Yesterday I detailed the terrain to be purchased for the project. I mentioned earlier as well that once I started looking at possible armies, one of the campaign sets popped up as an obvious choice. The 2nd Punic War campaign has a good group of armies all of which are fairly competitive and that together will make some interesting combinations for big battle games.

Of course, given the usual wargamer’s megalomania, I could not just leave it at that six but decided to add a seventh, just for interest sake. All these armies will be made with Baccus 6mm figures and based on 15mm sized bases.

The armies:

List Number Army  
II/9 Syracusan  
II/32 Later Carthaginian  
II/33 Polybian Roman  
II/39a Spain The Iberian option was selected rather than the Celtiberian or Lusitanian options as the Iberians fought with both the Carthaginians and the Romans
II/11 Gauls  
II/8a Italy  
II/40 Numidian This is the extra one added to the set – purely because it just makes sense for some variety. Interestingly I also have a Numidian army to paint for Polemos Ancient

OK, these then are the armies to be purchased and painted.

Carthage

Chariots of Fire was the first game I had purchased recently from GMT Games. The other game I purchased at that time was Carthage. Carthage is one of the games in the Ancient World Series. The first of that series, Rise of the Roman Republic, is out of print. Carthage being the second and most recent still is in print.

I’ve always (well, for the last 40 years anyway) had an interest in Carthage, the Phoenician colony on the North African coast. Carthage almost bought Rome to her knees before she was an established power. The struggles between Rome and Carthage produced two of the great captains in history – Hannibal and Scipio Africanus.

The game Carthage concentrates on the First Punic War. This was the precursor to the one made famous by Hannibal and Scipio. Indeed, it was in the First Punic War that Hannibal’s father fought and were the oath taken by the father on behalf of Hannibal was made, the oath that the Barcas would fight the Romans until they succeeded in destroying them.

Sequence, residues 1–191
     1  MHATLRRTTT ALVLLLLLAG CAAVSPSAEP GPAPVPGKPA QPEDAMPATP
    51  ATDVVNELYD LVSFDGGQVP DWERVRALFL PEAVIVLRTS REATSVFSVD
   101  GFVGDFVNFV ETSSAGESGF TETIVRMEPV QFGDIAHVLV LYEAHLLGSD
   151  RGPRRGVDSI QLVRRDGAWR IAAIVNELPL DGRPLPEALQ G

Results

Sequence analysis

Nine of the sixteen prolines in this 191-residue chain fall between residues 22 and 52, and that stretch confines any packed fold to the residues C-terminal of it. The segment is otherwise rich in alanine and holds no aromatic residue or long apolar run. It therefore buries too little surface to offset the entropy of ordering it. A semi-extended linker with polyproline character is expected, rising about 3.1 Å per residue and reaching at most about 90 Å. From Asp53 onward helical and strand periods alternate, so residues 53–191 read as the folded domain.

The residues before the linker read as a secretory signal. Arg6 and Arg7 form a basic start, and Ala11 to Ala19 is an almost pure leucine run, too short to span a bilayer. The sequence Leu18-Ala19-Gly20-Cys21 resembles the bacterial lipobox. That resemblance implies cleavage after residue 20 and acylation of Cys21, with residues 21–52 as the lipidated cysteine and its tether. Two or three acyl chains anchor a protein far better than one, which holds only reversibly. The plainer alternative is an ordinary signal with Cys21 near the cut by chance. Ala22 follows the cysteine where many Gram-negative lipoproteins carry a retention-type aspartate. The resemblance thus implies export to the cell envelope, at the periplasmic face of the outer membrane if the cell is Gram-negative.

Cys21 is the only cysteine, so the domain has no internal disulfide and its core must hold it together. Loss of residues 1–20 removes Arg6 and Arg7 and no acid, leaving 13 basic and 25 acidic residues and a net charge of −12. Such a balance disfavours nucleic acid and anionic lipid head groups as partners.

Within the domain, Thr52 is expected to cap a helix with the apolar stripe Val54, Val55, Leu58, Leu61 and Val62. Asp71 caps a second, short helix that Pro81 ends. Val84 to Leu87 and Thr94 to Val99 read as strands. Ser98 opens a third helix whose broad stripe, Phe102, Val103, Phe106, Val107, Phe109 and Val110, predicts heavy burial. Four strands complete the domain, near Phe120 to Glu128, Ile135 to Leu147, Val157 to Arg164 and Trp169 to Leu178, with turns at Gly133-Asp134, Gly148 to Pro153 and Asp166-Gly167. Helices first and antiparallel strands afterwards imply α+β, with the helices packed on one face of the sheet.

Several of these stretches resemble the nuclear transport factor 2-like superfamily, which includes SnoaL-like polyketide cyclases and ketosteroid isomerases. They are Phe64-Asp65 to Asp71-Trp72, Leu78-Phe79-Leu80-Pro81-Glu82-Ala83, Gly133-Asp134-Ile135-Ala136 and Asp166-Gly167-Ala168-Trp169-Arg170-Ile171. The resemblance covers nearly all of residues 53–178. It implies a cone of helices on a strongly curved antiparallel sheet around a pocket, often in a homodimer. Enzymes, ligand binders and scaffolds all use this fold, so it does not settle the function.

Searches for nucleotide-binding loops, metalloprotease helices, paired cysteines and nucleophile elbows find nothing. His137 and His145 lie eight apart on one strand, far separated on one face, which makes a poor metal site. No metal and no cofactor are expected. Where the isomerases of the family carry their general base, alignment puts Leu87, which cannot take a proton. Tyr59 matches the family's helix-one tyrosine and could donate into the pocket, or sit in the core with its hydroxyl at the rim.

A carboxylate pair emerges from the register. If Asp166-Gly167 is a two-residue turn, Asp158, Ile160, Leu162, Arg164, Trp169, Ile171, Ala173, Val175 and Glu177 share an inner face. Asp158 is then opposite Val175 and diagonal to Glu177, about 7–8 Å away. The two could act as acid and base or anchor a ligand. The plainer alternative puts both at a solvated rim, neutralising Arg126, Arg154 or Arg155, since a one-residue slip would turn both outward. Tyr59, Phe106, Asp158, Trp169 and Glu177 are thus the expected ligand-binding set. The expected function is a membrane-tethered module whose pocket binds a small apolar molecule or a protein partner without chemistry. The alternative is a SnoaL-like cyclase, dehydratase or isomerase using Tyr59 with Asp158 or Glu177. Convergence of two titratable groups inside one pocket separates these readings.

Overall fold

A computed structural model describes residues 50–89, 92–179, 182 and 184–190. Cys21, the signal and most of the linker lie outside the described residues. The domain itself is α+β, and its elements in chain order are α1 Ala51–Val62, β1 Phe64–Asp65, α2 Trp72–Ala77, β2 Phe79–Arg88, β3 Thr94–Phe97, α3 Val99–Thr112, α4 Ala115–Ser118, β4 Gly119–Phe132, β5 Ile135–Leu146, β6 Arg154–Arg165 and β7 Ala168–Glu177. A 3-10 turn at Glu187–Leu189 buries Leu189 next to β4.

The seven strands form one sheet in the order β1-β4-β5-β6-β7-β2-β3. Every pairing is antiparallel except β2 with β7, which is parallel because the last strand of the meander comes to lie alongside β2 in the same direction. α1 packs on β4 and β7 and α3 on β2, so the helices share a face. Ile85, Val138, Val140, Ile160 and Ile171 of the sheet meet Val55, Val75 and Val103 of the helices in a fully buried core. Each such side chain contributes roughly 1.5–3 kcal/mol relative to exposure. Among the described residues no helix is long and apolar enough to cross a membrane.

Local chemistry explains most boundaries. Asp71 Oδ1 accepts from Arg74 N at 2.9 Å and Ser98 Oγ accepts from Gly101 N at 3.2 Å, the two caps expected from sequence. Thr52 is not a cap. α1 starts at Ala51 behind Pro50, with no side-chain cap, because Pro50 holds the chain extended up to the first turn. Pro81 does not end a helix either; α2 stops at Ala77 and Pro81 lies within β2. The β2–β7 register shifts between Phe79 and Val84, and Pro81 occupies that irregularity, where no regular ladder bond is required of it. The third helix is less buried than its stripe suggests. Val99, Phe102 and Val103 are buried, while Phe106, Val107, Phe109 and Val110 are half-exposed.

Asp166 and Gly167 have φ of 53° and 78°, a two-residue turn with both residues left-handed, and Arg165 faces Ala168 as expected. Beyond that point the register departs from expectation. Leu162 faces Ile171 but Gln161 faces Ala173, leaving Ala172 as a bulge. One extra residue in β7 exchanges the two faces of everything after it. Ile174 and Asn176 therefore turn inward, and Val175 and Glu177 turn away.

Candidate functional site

The game components look good with two maps covering the main areas of conflict (Italy, North Africa and Sicily). There are over 1,000 counters in this game as well.

The game itself lists four scenarios. These are:

The Mercenary War, 241 B.C. At the completion of the First Punic War over, the Carthaginian mercenaries in Sicily sought payment. They were sent back to Carthage where they were paid a small amount of what was owed to them and then they sere shipped off to Numidia.

After a while they revolted and massacred a number of officers then laid waste to Carthage. Some Libyans joined in the revolt. In the end Hanno was compelled to assemble an army of veterans and elephants to combat the mercenaries. Hamilcar Barca (Hannibal’s father) returned to Carthage from overseas as well with a mostly mounted second army and Navaras, a Numidian chieftain joined with Hanno to put down the revolt.

Agathocles, 311 B.C. In this scenario the Carthaginians are fighting against Syracuse, led by the ambitious tyrant, Agathocles. This fighting was based around Agrigentum (Acragas).
Hiero, Hero or Gyro? 264–263 B.C. This is an introductory scenario, simplified in its approach and what it involves. Very good for learning the game system.
The First Punic War, 264 to 241 B.C. This is the full war – with the folks at GMT making the assumption that our game war will end at the same completion date of the First Punic War generally.

Board Game Geek has Carthage rated at 7.47/10.

As with Chariots of Fire, I am very much looking forward to getting into this game.